Swiss funds-of-funds firm Gottex has a new gimmick: a fund which "will emulate the investment principles of U.S. ‘super endowments’" like those of Harvard and Yale. Actually, it might not be so new: maybe other funds-of-funds have been doing this for a while. But in any case the idea is to massively ratchet up "alternative investments", while bringing the equities component of the portfolio down sharply:
In preparation for the new fund launch, Landes said his team determined that a 65% exposure to alternative investments combined with traditional investments did the best in the long term.
Roger Nusbaum makes the excellent point that this ex post determination might not be worth much at all:
The US stock market is getting close to ten years with no gains. Ten years is a long time. This decade long round trip to nowhere we are in is going to skew a lot studies in the future about how to allocate your assets.
In other words, tell me 10 years ago not to invest in equities, that would have been great advice. Nusbaum continues:
Very little equity exposure will be a bad idea unless global stock markets are permanently broken which is not a bet I am willing to make.
I suspect he’s right: global stock markets are huge and liquid, and it seems impetuous to tar them all with the same brush. Dialing down US equities in particular might make sense, but throwing all other equities into the trash along with them makes less sense.
Besides, the investment strategies that work for Harvard and Yale might not work nearly as well for anybody else. For one thing, "alternative investments" are notoriously expensive, with most hedge funds charging a 2-and-20 management fee. Harvard and Yale, by contrast, either invest on their own, or else, if they do invest in hedge funds, negotiate a much lower fee.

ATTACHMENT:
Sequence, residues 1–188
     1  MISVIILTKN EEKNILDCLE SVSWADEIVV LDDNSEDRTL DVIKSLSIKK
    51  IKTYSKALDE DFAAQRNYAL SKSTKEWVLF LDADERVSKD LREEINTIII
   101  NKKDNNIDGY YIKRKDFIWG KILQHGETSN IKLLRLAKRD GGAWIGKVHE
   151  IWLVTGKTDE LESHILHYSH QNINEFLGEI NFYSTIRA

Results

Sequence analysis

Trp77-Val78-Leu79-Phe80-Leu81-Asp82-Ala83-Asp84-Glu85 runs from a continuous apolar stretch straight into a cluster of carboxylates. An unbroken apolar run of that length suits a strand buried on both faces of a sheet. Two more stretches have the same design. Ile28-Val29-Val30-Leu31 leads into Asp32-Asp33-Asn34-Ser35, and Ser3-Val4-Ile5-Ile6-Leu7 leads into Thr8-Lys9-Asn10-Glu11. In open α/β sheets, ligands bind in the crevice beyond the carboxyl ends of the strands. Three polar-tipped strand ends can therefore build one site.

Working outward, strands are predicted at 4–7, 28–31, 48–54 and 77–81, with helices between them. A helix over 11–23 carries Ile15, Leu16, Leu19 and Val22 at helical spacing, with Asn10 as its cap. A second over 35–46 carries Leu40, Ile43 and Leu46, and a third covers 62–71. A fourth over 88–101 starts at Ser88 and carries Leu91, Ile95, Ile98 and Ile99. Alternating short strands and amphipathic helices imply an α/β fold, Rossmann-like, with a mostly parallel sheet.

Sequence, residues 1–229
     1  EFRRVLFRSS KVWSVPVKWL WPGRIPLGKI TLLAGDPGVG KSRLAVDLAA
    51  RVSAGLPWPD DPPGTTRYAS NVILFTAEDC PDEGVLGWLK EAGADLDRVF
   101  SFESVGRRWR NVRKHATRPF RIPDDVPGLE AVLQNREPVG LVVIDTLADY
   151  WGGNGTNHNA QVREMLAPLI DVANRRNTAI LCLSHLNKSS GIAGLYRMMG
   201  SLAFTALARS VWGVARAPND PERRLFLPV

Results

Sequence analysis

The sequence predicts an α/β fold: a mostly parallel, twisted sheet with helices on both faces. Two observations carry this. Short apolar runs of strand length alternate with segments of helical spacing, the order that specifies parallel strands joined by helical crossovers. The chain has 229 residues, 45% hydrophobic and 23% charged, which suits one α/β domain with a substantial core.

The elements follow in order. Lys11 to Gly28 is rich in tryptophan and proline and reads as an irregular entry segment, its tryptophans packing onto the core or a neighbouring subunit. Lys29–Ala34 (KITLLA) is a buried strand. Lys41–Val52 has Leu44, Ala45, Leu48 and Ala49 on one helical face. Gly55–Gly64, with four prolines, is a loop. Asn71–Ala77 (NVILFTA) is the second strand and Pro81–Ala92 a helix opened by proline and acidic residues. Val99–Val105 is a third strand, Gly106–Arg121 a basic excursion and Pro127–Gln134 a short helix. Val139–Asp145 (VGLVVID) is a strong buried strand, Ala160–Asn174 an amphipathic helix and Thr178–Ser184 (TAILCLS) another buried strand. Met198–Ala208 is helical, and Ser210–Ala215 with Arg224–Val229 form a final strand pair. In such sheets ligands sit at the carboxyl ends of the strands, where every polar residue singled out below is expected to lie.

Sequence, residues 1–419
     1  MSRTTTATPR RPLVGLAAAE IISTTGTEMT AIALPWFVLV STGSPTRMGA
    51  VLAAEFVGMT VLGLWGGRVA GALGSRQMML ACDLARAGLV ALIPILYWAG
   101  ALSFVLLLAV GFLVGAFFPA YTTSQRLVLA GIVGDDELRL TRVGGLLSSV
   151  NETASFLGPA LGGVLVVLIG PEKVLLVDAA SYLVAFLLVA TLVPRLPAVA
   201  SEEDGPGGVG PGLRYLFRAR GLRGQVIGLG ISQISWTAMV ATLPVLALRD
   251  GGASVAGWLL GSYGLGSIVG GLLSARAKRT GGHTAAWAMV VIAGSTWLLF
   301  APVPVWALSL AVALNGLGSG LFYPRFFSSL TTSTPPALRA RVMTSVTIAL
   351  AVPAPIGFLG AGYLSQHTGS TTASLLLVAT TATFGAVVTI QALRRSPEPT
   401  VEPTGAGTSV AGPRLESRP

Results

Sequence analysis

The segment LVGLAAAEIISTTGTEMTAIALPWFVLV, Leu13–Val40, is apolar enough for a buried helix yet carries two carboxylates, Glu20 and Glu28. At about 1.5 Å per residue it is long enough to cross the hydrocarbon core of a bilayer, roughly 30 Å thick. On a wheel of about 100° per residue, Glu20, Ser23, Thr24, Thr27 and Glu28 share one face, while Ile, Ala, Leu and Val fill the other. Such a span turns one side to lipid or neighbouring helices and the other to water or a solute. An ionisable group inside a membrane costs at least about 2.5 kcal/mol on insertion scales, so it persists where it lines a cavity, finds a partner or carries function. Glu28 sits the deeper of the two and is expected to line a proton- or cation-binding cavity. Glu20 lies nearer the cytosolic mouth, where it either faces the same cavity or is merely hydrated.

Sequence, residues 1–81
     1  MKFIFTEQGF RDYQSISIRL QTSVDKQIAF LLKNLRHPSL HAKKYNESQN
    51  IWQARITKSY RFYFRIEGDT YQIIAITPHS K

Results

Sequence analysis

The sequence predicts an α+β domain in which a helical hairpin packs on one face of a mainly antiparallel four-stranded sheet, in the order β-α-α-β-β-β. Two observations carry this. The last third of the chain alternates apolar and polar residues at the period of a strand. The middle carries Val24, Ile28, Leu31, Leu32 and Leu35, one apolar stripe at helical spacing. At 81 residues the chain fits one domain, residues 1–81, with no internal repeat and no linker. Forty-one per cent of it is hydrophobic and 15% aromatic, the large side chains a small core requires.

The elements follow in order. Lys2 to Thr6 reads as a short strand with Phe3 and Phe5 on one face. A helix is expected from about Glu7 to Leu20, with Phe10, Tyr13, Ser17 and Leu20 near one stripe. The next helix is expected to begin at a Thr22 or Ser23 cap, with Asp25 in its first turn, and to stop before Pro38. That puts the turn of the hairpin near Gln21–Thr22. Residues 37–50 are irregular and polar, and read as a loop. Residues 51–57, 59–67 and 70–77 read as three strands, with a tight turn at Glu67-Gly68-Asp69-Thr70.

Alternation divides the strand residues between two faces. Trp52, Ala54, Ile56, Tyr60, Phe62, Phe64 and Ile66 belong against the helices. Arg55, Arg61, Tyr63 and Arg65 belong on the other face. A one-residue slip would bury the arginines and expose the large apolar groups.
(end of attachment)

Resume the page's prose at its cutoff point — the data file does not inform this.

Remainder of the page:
Gottex, of course, won’t just pay full whack: it’ll also charge investors its own fees on top. Ouch.
I’ve always wondered why Harvard and Yale don’t offer their alumni an investment service. Park your money with us, and we’ll pour it into the general endowment: we won’t do anything different with your money than we’ll do with our own. You can add money or take money out annually, but if you take money out we will first subtract a tax-deductible 2-and-20 fee. And any time you want to donate funds to the endowment, just check a box and we’ll mark them as ours rather than yours.
There are probably very good legal reasons for not doing this. But it seems like a good way of adding substantially to the endowment to me. Investors generally hate hedge-fund fees; they might be quite attracted to an opportunity where all those fees go to their alma mater.